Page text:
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Being still puzzled (!) by the ratio-of-uniform approach, mostly failing to catch its relevance for either standard distributions in a era when computing a cosine or an exponential is negligible, or non-standard distributions for which computing bounds and boundaries is out-of-reach, I kept searching for solutions that would include unbounded densities and still produce compact boxes, as this seems essential for accept-reject simulation if not for slice sampling. And after exploring some dead-ends (in tune with running in Venezia!), I came upon the case of the generalised logistic transform

which ensures that the [ratio-of-almost-uniform] set I defined in my slides last week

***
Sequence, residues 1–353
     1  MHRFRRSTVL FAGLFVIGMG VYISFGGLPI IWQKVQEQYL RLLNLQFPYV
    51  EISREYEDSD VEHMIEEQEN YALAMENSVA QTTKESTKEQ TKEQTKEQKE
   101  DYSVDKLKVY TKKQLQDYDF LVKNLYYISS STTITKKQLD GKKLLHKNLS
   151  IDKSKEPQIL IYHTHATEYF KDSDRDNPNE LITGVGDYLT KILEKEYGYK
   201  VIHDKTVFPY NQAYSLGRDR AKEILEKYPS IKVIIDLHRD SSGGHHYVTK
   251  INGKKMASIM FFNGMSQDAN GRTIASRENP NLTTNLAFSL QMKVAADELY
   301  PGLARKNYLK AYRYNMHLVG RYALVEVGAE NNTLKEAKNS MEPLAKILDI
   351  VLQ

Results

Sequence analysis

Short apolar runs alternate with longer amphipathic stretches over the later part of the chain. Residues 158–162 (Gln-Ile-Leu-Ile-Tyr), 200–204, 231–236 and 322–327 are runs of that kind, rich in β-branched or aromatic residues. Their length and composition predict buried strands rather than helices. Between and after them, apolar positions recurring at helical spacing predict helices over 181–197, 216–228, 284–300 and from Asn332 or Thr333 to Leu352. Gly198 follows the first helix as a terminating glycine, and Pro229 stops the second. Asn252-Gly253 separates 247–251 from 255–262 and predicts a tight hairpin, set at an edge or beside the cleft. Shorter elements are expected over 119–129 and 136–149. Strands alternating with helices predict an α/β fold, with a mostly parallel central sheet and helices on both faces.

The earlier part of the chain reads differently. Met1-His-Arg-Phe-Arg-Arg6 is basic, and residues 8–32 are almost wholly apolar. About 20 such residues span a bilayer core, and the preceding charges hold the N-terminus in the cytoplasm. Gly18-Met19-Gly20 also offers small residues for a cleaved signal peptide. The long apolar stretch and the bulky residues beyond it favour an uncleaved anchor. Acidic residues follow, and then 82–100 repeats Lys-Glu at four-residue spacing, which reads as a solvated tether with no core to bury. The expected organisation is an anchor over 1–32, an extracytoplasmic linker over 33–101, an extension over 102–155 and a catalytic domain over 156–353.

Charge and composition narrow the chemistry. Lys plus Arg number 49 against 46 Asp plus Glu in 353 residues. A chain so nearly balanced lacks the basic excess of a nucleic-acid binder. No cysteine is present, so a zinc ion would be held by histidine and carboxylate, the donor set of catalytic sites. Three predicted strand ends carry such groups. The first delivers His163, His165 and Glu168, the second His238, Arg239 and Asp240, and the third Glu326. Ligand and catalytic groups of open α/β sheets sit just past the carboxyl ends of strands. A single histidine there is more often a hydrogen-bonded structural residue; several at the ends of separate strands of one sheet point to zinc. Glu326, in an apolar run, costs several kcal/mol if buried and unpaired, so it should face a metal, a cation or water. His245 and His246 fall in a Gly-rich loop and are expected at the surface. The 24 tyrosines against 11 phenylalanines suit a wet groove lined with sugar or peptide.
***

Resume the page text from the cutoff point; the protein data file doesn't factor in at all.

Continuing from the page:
is bounded in u. Since the transform g is the derivative of the inverse of h (!),

the parametrisation of the boundary of H is

which means it remains bounded if (a) a≤1 [to ensure boundedness at infinity] and (b) the limit of v(x) at zero [where I assume the asymptote stands] is bounded. Meaning

For instance, this holds for Gamma distributions with shape parameter larger than ½…

Working a wee bit more on the problem led me to realise that resorting an arbitrary cdf Φ instead of the logistic one could solve the problem for most distributions, including all Gammas. Indeed, the boundary of H is now

which means it remains bounded if φ has very heavy tails, like 1/x². To handle the explosion when x=0. And an asymptote itself at zero, to handle the limit at infinity when f(x) goes to zero.